The seventh facet of this prism of chastity is that of purity of action or deeds. Now, this may seem a deviation from the above definitions, but what I want to describe is the purity of the duties one does daily. Yes, there can be a type of purity of deeds. Again, the four cardinal virtues lead to chastity of action or deeds. These four virtues can be natural, but the supernatural virtues are given by grace. Even the pagans, such as Aristotle and Plato knew of the cardinal virtues. We Catholics are fortunate to be given the graces necessary to live in these virtues. There are, by the way, sixty-six virtues and if Jay asks me to write to you again, I may explore or at least share that list.

Purity of action does not allow for acting out of egotism or selfishness. God becomes the centre of all deeds, all done for him. Again, as St. Ignatius writes, and this is the motto of the Jesuits, “Ad maiorem Dei gloriam.” This translates as “To the greater glory of God.”

When I was at university, when I bought a book, I would write that phrase inside the front page, giving glory to God for and through my studies. Even as a student, I wanted God to be the End and the Meaning of my work. To Him belongs all the glory of our deeds. And, as one becomes holy, even the very being becomes a sign of the glory of God. Hence, we Catholics recognise the saints for their holy lives, which, for all time, give glory to God. However, St. Ignatius meant that all things give glory to God, or to rephrase, all in God gives glory. This means that even a celibate, that is abstaining life, gives glory to God, Everything one does gives glory to God. Of course, this supposes one is in sanctifying grace, as one living in mortal sin cannot give glory to God, as there is no merit given when one is without grace.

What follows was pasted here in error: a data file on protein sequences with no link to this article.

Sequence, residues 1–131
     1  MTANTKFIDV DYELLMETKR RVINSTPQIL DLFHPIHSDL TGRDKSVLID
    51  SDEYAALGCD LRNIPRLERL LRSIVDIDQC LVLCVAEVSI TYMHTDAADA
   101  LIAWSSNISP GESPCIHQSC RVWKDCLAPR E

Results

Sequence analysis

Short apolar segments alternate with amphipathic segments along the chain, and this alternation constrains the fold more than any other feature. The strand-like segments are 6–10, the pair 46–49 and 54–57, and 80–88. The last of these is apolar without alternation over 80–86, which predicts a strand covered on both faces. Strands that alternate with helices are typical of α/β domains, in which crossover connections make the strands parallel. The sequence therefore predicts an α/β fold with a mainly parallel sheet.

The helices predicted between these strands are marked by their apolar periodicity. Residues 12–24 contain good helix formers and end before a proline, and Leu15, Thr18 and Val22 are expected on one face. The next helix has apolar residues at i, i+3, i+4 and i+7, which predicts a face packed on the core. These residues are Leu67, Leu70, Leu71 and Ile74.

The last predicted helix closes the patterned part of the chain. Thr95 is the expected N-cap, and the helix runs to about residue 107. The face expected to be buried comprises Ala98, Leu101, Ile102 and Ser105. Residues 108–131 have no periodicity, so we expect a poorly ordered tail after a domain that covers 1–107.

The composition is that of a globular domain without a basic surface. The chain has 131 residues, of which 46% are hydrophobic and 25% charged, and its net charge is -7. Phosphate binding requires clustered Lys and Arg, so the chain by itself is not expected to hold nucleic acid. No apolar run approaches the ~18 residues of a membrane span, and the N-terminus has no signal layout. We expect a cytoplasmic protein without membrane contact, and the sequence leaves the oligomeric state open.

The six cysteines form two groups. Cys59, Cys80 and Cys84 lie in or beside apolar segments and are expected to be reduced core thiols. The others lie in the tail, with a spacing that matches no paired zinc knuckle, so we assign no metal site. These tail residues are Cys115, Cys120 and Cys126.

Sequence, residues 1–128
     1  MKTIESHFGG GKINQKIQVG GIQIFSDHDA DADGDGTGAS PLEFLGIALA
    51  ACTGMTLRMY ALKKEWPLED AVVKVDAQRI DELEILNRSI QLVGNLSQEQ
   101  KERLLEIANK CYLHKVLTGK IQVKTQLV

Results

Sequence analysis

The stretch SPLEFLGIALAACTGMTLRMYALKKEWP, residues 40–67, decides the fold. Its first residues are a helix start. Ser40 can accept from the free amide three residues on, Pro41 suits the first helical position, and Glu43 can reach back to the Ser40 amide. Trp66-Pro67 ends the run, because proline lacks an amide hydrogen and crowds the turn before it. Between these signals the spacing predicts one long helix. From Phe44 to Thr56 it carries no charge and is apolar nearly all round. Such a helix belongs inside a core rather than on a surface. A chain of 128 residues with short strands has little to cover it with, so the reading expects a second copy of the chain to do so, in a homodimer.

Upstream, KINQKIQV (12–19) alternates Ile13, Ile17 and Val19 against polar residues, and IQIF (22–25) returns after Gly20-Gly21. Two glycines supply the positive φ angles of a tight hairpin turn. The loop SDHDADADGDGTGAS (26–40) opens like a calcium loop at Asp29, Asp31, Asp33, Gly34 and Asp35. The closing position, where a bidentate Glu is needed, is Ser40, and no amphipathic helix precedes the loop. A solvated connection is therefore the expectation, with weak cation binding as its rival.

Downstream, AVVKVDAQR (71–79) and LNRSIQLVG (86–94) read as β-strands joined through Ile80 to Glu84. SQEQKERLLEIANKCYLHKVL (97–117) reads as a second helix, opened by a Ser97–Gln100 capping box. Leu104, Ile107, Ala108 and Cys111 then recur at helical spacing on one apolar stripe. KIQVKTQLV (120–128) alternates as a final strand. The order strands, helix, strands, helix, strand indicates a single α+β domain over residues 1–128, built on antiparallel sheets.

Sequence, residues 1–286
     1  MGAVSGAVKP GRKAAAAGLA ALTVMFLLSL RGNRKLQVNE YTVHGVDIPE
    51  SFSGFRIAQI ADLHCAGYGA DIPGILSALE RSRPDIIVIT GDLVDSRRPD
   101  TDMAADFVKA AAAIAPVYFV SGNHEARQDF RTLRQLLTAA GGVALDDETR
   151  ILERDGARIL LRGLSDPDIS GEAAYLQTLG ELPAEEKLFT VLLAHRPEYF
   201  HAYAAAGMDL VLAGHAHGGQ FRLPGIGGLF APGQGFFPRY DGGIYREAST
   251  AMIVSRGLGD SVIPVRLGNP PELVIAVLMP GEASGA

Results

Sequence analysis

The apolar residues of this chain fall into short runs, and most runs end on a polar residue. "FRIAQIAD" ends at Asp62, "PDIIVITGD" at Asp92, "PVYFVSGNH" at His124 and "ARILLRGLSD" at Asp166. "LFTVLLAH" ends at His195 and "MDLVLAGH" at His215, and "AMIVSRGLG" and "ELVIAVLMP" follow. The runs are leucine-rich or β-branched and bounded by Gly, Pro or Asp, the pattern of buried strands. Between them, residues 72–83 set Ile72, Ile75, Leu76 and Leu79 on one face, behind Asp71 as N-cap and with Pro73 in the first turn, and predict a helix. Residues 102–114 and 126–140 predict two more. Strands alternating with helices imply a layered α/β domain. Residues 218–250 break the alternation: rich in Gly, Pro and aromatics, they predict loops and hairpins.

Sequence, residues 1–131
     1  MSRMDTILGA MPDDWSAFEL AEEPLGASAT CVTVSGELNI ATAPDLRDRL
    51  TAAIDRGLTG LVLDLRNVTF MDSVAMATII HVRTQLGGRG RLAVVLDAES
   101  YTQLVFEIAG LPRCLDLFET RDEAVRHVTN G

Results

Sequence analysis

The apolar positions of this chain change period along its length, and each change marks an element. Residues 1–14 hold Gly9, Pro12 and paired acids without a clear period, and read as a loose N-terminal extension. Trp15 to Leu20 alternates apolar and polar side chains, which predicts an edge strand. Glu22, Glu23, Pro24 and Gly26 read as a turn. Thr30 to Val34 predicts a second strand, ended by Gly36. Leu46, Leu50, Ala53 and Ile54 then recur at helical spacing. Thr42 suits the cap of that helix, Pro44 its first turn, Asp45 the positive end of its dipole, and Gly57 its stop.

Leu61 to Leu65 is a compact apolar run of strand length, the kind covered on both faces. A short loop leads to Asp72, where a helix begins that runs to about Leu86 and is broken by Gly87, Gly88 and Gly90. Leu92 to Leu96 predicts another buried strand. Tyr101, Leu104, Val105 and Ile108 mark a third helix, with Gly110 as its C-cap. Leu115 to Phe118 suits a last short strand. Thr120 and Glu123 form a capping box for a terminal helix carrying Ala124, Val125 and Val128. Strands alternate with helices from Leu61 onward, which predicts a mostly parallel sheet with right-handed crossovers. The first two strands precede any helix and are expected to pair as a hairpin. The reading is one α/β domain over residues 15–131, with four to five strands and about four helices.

This means that one does all for God alone, and not for one’s self, or one’s neighbour. Purity of deed can be seen as a simplicity, Purity of deeds would inform every action from the minute one gets out of bed to the time one retires for the night. Everything done in the day can be done with purity, with chaste actions, chaste thoughts, chaste goals. Deeds become pure only after one has accomplished purity of mind, heart, body, imagination, and memory—a hard task.

Grace leads one to attain purity of deeds. Some people, like St. John the Evangelist, are given great graces of celibacy and chastity. We know that the Apostles left their wives and children and followed Christ. They attained purity of deeds by this separation, which Christ asked of them. Matthew 4:18-19 is worthy of mentioning here.

As he walked by the Sea of Galilee, he saw two brothers, Simon who is called Peter and Andrew his brother, casting a net into the sea; for they were fishermen. And He said to them, “Follow me, and I will make you fishers of men.”

The call to celibacy is a radical call. It demands of the person who is called that he develops all the facets of the prism of chastity and lives a life of complete self-denial. I suggest we pray for holy priests to pursue complete purity, through the graces offered to them.